The sound of the engines roaring drowned out any noise of weeping which may have emanated from the Jordan garage. Both cars were eventually repaired and they ran on all afternoon, finishing ninth and 13th but that was not much consolation for the team.
The demise of the Jordan team allowed Montoya to move onto Salo's tail and he quickly dispensed with the Finn. Trulli conveniently disappeared with an engine problem and so Juan Pablo stalked Button and nailed the Englishman on lap 7. He was sixth. Then came the penalty and suddenly he was back down in ninth again with two Toyotas and Button to deal with. The Toyotas were soon out of the way and then Monty had to deal with Heidfeld (which he did on lap 27) Barrichello's Ferrari conveniently expired on lap 40 (although it was clear by then that the Ferrari was beaten anyway) and so Montoya was left with Button in his gunsight. It was a joyful little joust but the result was never much in doubt as the prodigious oomph of the BMW V10 made the Williams a lot quicker than the Renault.
From then on, it was just cruising to the flag half a minute behind Ralf. A Williams 1-2.
Both men were happy enough but actually neither was truly happy. Ralf knew that he would have been beaten but for his brother's indiscretion and Montoya was annoyed because a win had got away from him.
Michael Schumacher had to work hard for his third place but it was well-deserved considering that at the end of the first lap he was back in 21st place ahead of everyone apart from the inevitable Arrows in the pitlane, Heinz-Harald Frentzen having failed to come off the start line again.
Michael drove hard but it was the middle of the race before he was back in the top six and fourth looked like the best he could hope for until the last couple of laps when Button's rear suspension went wrong.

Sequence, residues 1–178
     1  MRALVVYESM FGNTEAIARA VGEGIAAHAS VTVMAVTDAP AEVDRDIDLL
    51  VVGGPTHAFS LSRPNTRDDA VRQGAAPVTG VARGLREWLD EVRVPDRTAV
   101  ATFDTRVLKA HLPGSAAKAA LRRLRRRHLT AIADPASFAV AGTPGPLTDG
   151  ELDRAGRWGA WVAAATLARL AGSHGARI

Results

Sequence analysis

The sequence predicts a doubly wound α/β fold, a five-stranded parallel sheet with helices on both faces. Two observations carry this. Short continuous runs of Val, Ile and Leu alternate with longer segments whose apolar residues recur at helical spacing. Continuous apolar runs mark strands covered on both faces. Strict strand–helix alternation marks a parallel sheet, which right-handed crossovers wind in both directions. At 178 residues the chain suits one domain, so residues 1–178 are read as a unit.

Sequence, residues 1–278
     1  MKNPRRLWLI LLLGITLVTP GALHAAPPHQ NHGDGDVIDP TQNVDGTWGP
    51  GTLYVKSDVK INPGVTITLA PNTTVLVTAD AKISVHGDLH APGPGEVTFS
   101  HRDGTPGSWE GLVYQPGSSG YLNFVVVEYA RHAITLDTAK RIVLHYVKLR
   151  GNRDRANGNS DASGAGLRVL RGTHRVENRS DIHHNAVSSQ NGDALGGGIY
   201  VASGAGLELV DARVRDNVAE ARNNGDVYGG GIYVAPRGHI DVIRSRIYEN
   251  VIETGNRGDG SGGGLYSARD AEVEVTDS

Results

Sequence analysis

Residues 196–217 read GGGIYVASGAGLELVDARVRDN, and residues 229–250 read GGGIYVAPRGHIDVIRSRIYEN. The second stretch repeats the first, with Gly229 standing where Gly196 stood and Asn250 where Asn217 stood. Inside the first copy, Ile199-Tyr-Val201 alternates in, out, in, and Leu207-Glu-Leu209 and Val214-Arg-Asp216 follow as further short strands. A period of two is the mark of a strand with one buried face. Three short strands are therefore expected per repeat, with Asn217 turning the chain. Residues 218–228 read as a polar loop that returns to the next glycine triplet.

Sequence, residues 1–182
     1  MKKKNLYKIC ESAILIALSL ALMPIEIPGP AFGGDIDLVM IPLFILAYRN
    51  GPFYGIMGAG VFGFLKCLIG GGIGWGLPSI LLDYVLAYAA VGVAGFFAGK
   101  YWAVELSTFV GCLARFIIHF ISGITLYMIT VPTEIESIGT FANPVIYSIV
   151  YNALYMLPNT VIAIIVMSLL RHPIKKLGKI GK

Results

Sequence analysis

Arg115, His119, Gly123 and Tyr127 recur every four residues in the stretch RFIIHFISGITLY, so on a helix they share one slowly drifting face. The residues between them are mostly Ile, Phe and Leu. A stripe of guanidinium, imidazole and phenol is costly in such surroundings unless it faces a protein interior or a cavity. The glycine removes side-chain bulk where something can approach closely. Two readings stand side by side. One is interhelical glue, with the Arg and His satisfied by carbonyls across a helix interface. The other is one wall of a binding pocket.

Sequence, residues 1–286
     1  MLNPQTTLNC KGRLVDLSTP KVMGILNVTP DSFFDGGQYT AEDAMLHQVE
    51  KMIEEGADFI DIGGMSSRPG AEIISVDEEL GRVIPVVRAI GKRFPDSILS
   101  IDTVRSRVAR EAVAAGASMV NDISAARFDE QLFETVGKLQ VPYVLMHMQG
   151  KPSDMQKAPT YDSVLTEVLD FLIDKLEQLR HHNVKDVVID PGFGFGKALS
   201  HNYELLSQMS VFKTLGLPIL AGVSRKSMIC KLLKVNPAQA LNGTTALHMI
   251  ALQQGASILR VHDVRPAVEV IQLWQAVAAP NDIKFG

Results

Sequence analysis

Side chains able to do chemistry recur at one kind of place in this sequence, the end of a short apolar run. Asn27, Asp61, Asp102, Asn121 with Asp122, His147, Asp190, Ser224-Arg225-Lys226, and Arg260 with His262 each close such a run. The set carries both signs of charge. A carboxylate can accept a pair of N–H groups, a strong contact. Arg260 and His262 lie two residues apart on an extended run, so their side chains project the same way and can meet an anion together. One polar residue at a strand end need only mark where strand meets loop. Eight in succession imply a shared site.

"The car was running on three wheels," said a disappointed Jenson later. "Obviously I am disappointed for myself and the team not to get our first podium but fourth is still a good result."
"He was very unfortunate," Schumacher admitted. "But it was very fortunate for me."
Michael got Jenson on the last lap of the race...
Sauber ended up with points from both cars: Nick Heidfeld taking fifth place and Felipe Massa sixth. The two men were both a lap down at the end but the speed and reliability of the Swiss cars gave an indication that we can expect to see a lot more points this year. The disappointment of Melbourne was, in part at least, forgotten.
Toyota once again did well — surprisingly so — with Allan McNish keeping his car on the road and finishing seventh, although he nearly ended up in a sandtrap on lap 15 when he was under pressure from Montoya. Mika Salo also did well, running in the top six early on (while Montoya and Michael Schumacher were carving back through the field). If his electronics had not started to misbehave he might have scored points. Having Michelins obviously helped but it was a good effort from the new team.
The same could not be said for Honda. The engines are clearly underpowered at the moment and while the Jordan seems to be a reasonable chassis, the BAR is clearly not very good. Jacques Villeneuve finished eighth in Malaysia but it was triumph of survival over speed. A technical shake-up will come shortly.
Jaguar had a poor day with Irvine going out with a hydraulic problem after losing time when he had his front wing removed by Alex Yoong, who was not looking in his mirrors. Pedro de la Rosa lost his front wing in an early clash with Olivier Panis but he finished 10th at the end of the day which was rather better than Panis, who had his car grind to a halt early on with a technical problem.
Both Minardis retired without making much of an impression (no surprise there) and the Arrows had a fairly dreadful time again with Frentzen left on the grid at the start although he did eventually join the race several laps down and Bernoldi ran out of fuel just before his first pit stop.
The race was always going to be a battle of the tire companies and on this occasion Bridgestone was outgunned by Michelin, although the fight is still a close one
"Today, I was certainly a bit lucky with the two running into each other," said Ralf, "but the car was simply perfect, the times were there and I could control it from there."
Malaysian GP, Sepang International, March 17, 2002, Round: 2, Race Number: 682